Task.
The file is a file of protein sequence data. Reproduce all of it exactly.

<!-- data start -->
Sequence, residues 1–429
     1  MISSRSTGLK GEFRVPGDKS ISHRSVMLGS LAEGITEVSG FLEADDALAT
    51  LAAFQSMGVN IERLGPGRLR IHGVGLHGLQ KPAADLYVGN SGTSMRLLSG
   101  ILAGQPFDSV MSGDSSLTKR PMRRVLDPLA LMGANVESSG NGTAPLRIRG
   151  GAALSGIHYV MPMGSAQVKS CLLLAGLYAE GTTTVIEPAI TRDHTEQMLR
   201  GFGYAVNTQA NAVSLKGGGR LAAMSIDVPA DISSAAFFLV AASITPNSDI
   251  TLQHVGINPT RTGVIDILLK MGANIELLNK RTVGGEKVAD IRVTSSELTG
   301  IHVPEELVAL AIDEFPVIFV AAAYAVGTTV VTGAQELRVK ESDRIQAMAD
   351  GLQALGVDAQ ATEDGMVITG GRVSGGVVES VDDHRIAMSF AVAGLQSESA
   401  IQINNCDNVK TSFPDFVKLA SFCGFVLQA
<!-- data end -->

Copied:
Sequence, residues 1–429
     1  MISSRSTGLK GEFRVPGDKS ISHRSVMLGS LAEGITEVSG FLEADDALAT
    51  LAAFQSMGVN IERLGPGRLR IHGVGLHGLQ KPAADLYVGN SGTSMRLLSG
   101  ILAGQPFDSV MSGDSSLTKR PMRRVLDPLA LMGANVESSG NGTAPLRIRG
   151  GAALSGIHYV MPMGSAQVKS CLLLAGLYAE GTTTVIEPAI TRDHTEQMLR
   201  GFGYAVNTQA NAVSLKGGGR LAAMSIDVPA DISSAAFFLV AASITPNSDI
   251  TLQHVGINPT RTGVIDILLK MGANIELLNK RTVGGEKVAD IRVTSSELTG
   301  IHVPEELVAL AIDEFPVIFV AAAYAVGTTV VTGAQELRVK ESDRIQAMAD
   351  GLQALGVDAQ ATEDGMVITG GRVSGGVVES VDDHRIAMSF AVAGLQSESA
   401  IQINNCDNVK TSFPDFVKLA SFCGFVLQA